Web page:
System design interview preparation is a big challenge. The questions are complex, open-ended, and unlike any other interview round. Companies like Facebook, Google, and Amazon use these interviews to evaluate candidates for software engineer and many other tech roles, making them a key part of the hiring process.
So, what do you do to prepare? And where do you start?
That’s where we come in. From analyzing hundreds of interview questions reported by real candidates on Glassdoor, we’ve learned what top tech companies are looking for. Instead of bouncing around the internet to find preparation tips, example questions, and concept definitions, you can simply use this guide. Consider it your ultimate hub for system design interview prep.
To begin, here’s a quick overview of our step-by-step guide:
- Learn how a system design interview works
- Sharpen your skills
- Practice with example questions
- Do mock interviews
What should you expect in system design interviews, and where will you encounter them? Let’s start with the basics.
1.1 What to expect in a system design interview
System design interviews are typically 45-60 minutes long, beginning with a very broad prompt, like "design Twitter.” Then you'll be expected to generate a high-level design, showing the different system components that will be required, how they're connected, and any trade-offs in the approach you've taken.
The frequency of these interviews will depend on what role you’re applying for. As a rule of thumb, the more senior the position, the more system design interviews you’ll have.
If you’re applying for junior positions, your interviews will be more focused on coding, and you’ll usually have a maximum of 2 system design interviews. You may not have any. If you're applying for a more senior software engineer role, or for a software development manager position, then you should expect system design interviews to be much more heavily emphasized.
In addition to software engineer interviews, system design questions are also used for TPM interviews, and potentially in recruitment for other technical roles as well.
If you already have a system design interview scheduled at a specific company, consult the relevant link below to learn more about the company's process and to see their previous questions. This is not a comprehensive list of all companies that use system design interviews, but it does cover some of the biggest companies in the industry.
- Facebook software engineer interview guide
- Facebook technical program manager interview guide
- Google software engineer interview guide
- Google technical program manager interview guide
- Amazon software development engineer interview guide
- Amazon software development manager interview guide
- Amazon technical program manager interview guide
- Microsoft software engineer interview guide
- LinkedIn software engineer interview guide
- Airbnb software engineer interview guide
With open-ended questions such as “ how would you design Twitter's trending topics?” or “design TikTok,” you’ll need to draw on a broad range of knowledge across different concepts. With so much to talk about, you’ll also need some kind of method to help you structure your thought process.
Let’s get into it. Or, if you’d prefer, you can skip straight to the example questions and start practicing.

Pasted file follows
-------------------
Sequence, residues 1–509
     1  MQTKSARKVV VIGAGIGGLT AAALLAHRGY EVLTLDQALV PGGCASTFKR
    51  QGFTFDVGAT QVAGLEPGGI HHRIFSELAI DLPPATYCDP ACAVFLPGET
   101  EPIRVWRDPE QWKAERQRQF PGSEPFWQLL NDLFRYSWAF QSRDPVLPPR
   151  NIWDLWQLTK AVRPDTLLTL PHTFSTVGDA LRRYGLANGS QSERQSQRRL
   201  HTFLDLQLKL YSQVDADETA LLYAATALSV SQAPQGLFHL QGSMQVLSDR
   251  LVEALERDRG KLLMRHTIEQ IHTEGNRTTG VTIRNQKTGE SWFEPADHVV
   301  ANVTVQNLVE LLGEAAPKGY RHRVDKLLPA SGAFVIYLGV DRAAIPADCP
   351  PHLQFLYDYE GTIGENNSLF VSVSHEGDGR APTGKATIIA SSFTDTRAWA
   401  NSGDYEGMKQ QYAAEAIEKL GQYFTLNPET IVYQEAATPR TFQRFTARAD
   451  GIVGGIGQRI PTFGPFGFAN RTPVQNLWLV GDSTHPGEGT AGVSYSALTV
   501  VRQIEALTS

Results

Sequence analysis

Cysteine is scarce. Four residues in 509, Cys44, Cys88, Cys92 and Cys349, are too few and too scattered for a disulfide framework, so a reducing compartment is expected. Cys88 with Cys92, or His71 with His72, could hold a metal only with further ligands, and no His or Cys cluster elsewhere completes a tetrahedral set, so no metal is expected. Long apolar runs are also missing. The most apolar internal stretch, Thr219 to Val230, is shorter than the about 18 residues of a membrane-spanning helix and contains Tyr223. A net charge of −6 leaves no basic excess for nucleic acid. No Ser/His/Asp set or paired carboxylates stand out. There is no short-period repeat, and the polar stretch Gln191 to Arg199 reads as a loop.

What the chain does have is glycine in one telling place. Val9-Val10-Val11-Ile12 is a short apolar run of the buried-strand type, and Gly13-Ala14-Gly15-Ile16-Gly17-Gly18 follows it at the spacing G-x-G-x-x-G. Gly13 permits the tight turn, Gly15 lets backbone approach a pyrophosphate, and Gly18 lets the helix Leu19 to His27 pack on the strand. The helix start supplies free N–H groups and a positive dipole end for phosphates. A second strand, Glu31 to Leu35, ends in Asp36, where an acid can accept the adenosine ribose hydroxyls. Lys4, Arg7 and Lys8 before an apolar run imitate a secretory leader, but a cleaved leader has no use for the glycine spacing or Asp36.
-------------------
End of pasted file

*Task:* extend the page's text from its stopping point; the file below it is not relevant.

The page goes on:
2.1 The concepts you need to know
To be able to speak intelligently about system design, you’ll need to acquire a knowledge base of related concepts. Of course, this doesn’t mean that you need to know every detail related to sharding, load balancing, queues, etc.
However, you will need to understand the high-level function of typical system components. You'll also want to know how these components relate to each other, and any relevant industry standards or major tradeoffs.
To help you get the foundational knowledge you need, we've put together a series of 9 system design concept guides.
Here's a the full list:
- Network protocols and proxies, which make it possible for any networked computers to talk to each other, no matter where they are or what hardware or software they’re running.
- Databases, integral components of the world’s biggest technology systems.
- Latency, throughput, and availability, three common metrics for measuring system performance.
- Load balancing, the process of distributing tasks over a set of computing nodes to improve the performance and reliability of the system.
- Leader election algorithms, which describe how a cluster of nodes without a leader can communicate with each other to choose exactly one of themselves to become the leader.
- Caching, a technique that stores copies of frequently used application data in a layer of smaller, faster memory in order to compute costs and to improve data retrieval times and throughput.
- Sharding, the horizontal scaling of a database system that is accomplished by breaking the database up into smaller “shards,” which are separate database servers that all contain a subset of the overall dataset.
- Polling, SSE, and WebSockets, techniques for streaming high volumes of data to or from a server.
With those concepts in mind, let’s work out an approach that you can apply to any system design problem.
2.2 Method and approach
There are a variety of ways to solve system design interviews, but at the end of the day, you need a method that will consistently:
- Show your interviewer that you have the knowledge they need
- Break the problem down into manageable steps
With that in mind, one of our favorite approaches is summarized in the following video from Amazon:
The approach shown in the video above can be boiled down into 3 main steps:
- Ask clarifying questions: make sure you clearly understand the goals and requirements of the system.
- Design high-level, then drill down: quickly clarify the requirements and draft a high-level design for the system within the first 20 minutes. Then spend most of the remaining time drilling down into more detailed aspects of the system.